Partnerships with 100 or fewer partners consisting solely of individuals, corporations (C or S), foreign entities taxable as corporations, and estates of deceased individuals may elect out of the new audit procedures. Shareholders of subchapter S corporations that are partners are counted as partners and the election must disclose their names, addresses and taxpayer identification numbers. Partnerships with partnerships or trusts as partners may not opt out of these rules. The opt-out election must be made annually with the partnership’s tax return for that year. If the partnership elects out of the new procedures, the partnership and the partners would be audited under the general rules applicable to individual taxpayers — i.e., the IRS must issue a separate audit report to each partner, and each partner can act independently to challenge its own audit report under the deficiency procedures that otherwise apply to individuals.
Another important change made by these rules is the elimination of a tax matters partner. Under the new rules, each partnership must designate a “partnership representative.” Unlike the tax matters partner, this individual need not be a partner, but must have a substantial presence in the United States. The partnership representative will have sole authority to act on behalf of the partnership in audit proceedings before the IRS and will bind both the partnership and the partners by its actions in the audit. Only the partnership through the actions of this representative can contest proposed adjustments in court. In addition, the IRS will no longer be required to notify partners of partnership audit proceedings or adjustments unless the partnership or LLC agreement so provides. If no partnership representative is designated, the IRS may appoint one. The partnership representative’s exclusive right to resolve partnership audits and disputes may create conflict among the partners if the partnership representative’s rights are not specified in the partnership agreement.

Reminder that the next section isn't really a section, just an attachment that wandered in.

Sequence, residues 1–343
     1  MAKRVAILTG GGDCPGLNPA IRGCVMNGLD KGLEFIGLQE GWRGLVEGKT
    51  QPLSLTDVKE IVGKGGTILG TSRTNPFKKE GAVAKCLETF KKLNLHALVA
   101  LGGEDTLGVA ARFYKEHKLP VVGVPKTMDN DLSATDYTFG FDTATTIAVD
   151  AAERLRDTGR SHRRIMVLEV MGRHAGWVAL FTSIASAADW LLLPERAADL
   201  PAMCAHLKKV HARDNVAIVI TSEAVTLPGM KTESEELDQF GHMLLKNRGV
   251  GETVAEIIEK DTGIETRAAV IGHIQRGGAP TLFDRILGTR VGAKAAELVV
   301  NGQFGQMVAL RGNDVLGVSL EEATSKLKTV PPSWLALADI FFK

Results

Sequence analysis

While the new rules apply to partnerships beginning after December 31, 2017, a partnership may elect to have the new rules apply to partnership tax years beginning after the date of enactment and before January 1, 2018. However, it is unlikely many partnerships will make such an election, at least until further guidance is provided by the government.
Why All of this Matters
These new rules will lead to new provisions in partnership and LLC agreements and amendments of existing agreements to, among other things, designate a method for selecting a partnership representative and its rights and obligations of the partners, address whether certain tax elections will be made, and provide for indemnification and other contractual provisions (e.g., in the case of a withdrawing partner).
The imposition of partnership-level liability for income taxes has significant implications in the context of mergers and acquisitions involving partnerships (or the sale of a partnership interest). Parties to a purchase and sale of a partnership interest will need to address who will bear the economic cost of partnership-level tax liabilities for pre-closing years assessed post-closing, who controls the audit examination of pre-closing years, and the elections the partnership is allowed to make.
Given the various changes to the partnership audit rules and potentially significant shift in benefits and burdens of tax adjustments, partnership and purchase/sale agreements need to take into account these new audit procedures. All effected partnerships and LLCs should address these issues to avoid being caught off guard when the new rules become effective.